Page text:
It was in the Upper Room just that week before when Peter had refused to let Jesus wash his feet, for those very reasons—he knew who Jesus was.  Jesus was too important for that, and Peter was there to serve!  But when Jesus told Peter he had no share in Jesus otherwise, Peter reversed course: “Then wash all of me, Jesus!” he said.  Poor Peter, always so eager to do and say the right thing, almost to a fault.  Almost as if he feared he wouldn’t be loved otherwise.

It was that night in that room that Peter told Jesus he was ready to lay down his life for him.  He hoped Jesus would be touched, even impressed.  But Jesus wasn’t impressed.  Instead he said to Peter that before the rooster announced morning, Peter would have denied him three times.

And that was the part that haunted Peter wherever he went.  That was the memory he went to Galilee to escape, even after Jesus wasn’t dead anymore.  Maybe Jesus was alive and maybe God had been at work in all of it, after all, but Peter couldn’t stop hearing those voices: “Surely you know this man.  You’re a Galilean, aren’t you?  Surely you’re with him.”

Three times, they had asked.

And three times, in response, his own voice: “No! No! No!”

He had said he would follow to the death, but when it came down to it, he had run.  Peter was a failure.

So maybe that was why he found himself back in Galilee that day; maybe that was why he got back in that boat, to see if it was possible to go back to a time when he wasn’t a failure, he was just a fisherman.

Peter knew the truth, you see: even if Jesus was alive, Peter didn’t deserve any good news.

Whatever mission Jesus had in mind, surely he knew Peter would fail at that too.

So he was going fishing.


The others came with him and they fished all night.  It was good to be out again, casting nets, getting wet, fighting the wind.  It was good, hard work, the work Peter was made for, and for a while he let himself get lost in it, just like he had wanted to.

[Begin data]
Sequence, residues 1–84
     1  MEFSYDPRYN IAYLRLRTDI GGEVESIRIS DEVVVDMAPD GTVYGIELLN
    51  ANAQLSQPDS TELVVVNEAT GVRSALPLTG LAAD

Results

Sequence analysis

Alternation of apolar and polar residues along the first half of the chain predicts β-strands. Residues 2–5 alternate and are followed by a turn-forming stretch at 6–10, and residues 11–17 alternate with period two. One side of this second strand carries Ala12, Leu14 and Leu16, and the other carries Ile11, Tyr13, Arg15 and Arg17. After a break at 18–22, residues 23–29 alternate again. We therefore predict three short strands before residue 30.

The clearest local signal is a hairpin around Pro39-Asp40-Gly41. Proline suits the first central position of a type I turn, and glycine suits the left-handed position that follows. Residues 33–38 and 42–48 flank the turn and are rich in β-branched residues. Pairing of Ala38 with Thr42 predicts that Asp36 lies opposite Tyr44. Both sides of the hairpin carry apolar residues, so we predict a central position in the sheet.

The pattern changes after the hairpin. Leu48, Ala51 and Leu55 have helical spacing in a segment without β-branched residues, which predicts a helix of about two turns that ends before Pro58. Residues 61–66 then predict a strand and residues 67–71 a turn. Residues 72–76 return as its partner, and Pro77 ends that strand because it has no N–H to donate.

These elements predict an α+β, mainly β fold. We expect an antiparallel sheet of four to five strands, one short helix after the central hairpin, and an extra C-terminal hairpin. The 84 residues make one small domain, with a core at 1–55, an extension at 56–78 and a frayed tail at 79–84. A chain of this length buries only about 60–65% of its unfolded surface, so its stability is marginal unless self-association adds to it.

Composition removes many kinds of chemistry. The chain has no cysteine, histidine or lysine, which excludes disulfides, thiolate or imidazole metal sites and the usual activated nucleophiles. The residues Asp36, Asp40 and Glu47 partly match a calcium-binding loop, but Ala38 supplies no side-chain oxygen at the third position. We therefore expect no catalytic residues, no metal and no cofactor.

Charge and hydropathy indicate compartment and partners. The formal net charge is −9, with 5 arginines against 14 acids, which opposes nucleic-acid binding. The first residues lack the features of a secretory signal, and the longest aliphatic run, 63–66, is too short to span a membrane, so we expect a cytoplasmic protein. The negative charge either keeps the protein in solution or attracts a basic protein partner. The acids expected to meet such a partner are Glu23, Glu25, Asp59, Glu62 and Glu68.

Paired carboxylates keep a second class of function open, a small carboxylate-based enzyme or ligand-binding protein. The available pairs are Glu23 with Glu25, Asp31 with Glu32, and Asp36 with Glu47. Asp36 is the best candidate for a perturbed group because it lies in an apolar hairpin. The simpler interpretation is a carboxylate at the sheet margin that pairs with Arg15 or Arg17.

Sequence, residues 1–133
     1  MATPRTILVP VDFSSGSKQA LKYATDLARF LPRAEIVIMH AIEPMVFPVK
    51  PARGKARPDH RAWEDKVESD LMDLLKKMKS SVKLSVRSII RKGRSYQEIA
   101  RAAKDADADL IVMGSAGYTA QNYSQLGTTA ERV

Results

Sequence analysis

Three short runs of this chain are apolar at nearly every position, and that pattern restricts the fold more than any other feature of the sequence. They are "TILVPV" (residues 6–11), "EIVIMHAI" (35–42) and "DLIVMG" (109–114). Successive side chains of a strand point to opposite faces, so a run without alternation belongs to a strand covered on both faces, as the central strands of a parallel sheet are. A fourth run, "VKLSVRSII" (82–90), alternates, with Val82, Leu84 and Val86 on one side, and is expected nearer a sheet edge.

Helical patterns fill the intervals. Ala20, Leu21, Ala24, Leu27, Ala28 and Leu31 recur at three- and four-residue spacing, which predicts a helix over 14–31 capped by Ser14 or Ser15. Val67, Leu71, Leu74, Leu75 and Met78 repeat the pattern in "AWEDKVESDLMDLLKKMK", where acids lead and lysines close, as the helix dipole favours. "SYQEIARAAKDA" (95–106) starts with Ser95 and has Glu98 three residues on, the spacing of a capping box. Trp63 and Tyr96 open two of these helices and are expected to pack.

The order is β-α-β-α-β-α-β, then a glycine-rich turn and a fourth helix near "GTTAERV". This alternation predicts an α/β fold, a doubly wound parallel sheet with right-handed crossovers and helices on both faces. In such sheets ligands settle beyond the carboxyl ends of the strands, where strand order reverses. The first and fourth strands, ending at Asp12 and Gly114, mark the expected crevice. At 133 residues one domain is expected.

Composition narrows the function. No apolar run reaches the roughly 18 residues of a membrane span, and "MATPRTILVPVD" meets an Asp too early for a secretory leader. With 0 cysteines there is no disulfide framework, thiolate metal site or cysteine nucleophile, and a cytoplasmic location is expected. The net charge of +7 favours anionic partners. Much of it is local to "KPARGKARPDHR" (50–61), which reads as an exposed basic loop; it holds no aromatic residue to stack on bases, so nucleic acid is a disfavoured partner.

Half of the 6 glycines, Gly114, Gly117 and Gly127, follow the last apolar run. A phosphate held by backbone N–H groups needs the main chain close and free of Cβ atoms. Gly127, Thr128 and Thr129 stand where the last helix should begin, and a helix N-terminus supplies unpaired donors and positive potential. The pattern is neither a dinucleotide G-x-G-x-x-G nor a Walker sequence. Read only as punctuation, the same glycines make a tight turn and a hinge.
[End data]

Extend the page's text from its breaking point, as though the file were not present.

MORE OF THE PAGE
Only there weren’t any fish.  By morning, they were tired and frustrated, and they began to remember how this old life had left a lot to be desired, too.

And then there was a stranger by the shore, yelling to them.  “How’s the catch?”  He called them children, which was annoying, especially since they hadn’t caught anything at all.

“Try the other side,” the stranger called.

Peter must have rolled his eyes, because after all, there were only two sides, and it’s not like they had forgotten to try one of them.  That was pretty condescending.  But he was tired and didn’t really feel like fighting with a stranger 150 yards away, and the others shook their heads, and they threw the net to the other side.

And suddenly there were So. Many. Fish.

“It’s Him,” whispered The Disciple Jesus Loved, grabbing Peter’s arm.  “I think it’s him.”

And before Peter knew what he was doing, he had wrapped himself in his coat and jumped into the water, swimming to shore.  Because he may have been a failure.  He may not have been worthy of any good news.  He may have wanted to escape his own memories.

But he did, after all, love this man.


Even this seemed normal again—breakfast, like they had eaten together so many times.  There was bread and there was fish, like there always was, in abundance, when Jesus was around.  Even this began to feel like old times, and Peter began to feel better, comfortable again in Jesus’ presence.

Until breakfast was over and Jesus said his name: “Simon son of John.”